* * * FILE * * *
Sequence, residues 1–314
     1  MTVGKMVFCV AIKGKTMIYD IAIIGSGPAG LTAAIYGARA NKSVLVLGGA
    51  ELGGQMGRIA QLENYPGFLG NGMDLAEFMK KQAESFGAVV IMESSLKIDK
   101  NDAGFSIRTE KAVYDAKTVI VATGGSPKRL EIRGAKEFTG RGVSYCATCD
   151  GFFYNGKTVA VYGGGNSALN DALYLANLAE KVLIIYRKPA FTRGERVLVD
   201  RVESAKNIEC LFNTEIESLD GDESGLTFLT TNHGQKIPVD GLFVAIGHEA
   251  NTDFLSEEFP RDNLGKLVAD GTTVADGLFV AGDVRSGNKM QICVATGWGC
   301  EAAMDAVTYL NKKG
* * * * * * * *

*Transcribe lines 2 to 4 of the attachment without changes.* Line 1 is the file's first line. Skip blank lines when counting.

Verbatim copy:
     1  MTVGKMVFCV AIKGKTMIYD IAIIGSGPAG LTAAIYGARA NKSVLVLGGA
    51  ELGGQMGRIA QLENYPGFLG NGMDLAEFMK KQAESFGAVV IMESSLKIDK
   101  NDAGFSIRTE KAVYDAKTVI VATGGSPKRL EIRGAKEFTG RGVSYCATCD